If God is not a God of individual circumstances, then what is the point of salvation? If God can’t separate one person from another and make specific releases of grace, then what is the reason for Him being all-knowing?

“Don’t judge.” Absolutely ridiculous.  We all judge. But our judgment should be true.  It should be based upon what it would feel like to us to be in the same situation and be under scrutiny. 

Mercy is my imitation of God’s grace. Jesus said that if I am merciful, then I obtain mercy.  If I can’t put my face on every face, then I should not be expecting to receive of God’s grace.

Pep Reality — September 29, 2011



  • Thundering applause.
  • Stomping feet.
  • A marching band playing off-tune versions of Sousa‘s dream tunes.
  • And a coach, preaching the gospel of victory to raucous response.
  • A pep rally. It is a phenomenal place to be. I played football for a short season in my life and I have stood in gymnasiums and listened to the student body scream their approval as the leader of our team proclaimed the power of our punch.

Here’s the problem. No game was ever decided on the quality of the pep rally. No one ever won a championship by screaming the loudest in an auditorium. The game is won on the field.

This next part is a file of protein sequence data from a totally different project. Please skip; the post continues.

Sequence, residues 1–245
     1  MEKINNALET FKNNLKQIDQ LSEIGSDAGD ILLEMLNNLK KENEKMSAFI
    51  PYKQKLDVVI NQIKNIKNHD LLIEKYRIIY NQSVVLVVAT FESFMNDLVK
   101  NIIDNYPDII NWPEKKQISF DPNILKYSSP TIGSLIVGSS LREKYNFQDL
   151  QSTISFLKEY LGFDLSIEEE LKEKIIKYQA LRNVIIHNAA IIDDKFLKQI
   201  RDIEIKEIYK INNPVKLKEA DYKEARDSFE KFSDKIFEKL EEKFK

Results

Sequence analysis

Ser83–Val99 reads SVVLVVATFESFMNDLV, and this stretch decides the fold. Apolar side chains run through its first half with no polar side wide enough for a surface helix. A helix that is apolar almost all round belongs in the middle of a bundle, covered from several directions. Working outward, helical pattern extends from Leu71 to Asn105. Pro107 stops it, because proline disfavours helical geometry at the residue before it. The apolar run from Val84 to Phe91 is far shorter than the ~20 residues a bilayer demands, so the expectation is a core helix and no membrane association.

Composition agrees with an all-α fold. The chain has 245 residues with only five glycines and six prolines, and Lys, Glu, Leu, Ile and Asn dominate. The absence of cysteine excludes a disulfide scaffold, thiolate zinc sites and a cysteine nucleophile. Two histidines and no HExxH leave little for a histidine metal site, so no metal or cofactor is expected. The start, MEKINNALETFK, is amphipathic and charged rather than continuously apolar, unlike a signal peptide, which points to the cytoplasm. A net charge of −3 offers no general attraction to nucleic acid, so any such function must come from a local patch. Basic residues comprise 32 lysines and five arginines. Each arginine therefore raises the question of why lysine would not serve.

It is the problem in this country–we are a nation of people addicted to the pep rally. We do it in politics, we do it with corporations and we do it in religion.

In politics it shows up as the obsession we have over the process of voting, campaigning and electing a leader. In corporations, it’s the sheer, brute force of clever and seductive advertising to enhance the visual presence of the product without having to deal with its actual limitations. And in religion, it’s getting everybody “saved” and on their way to heaven in a worshipful way without ever really preparing them for the rest of the life they will spend on earth.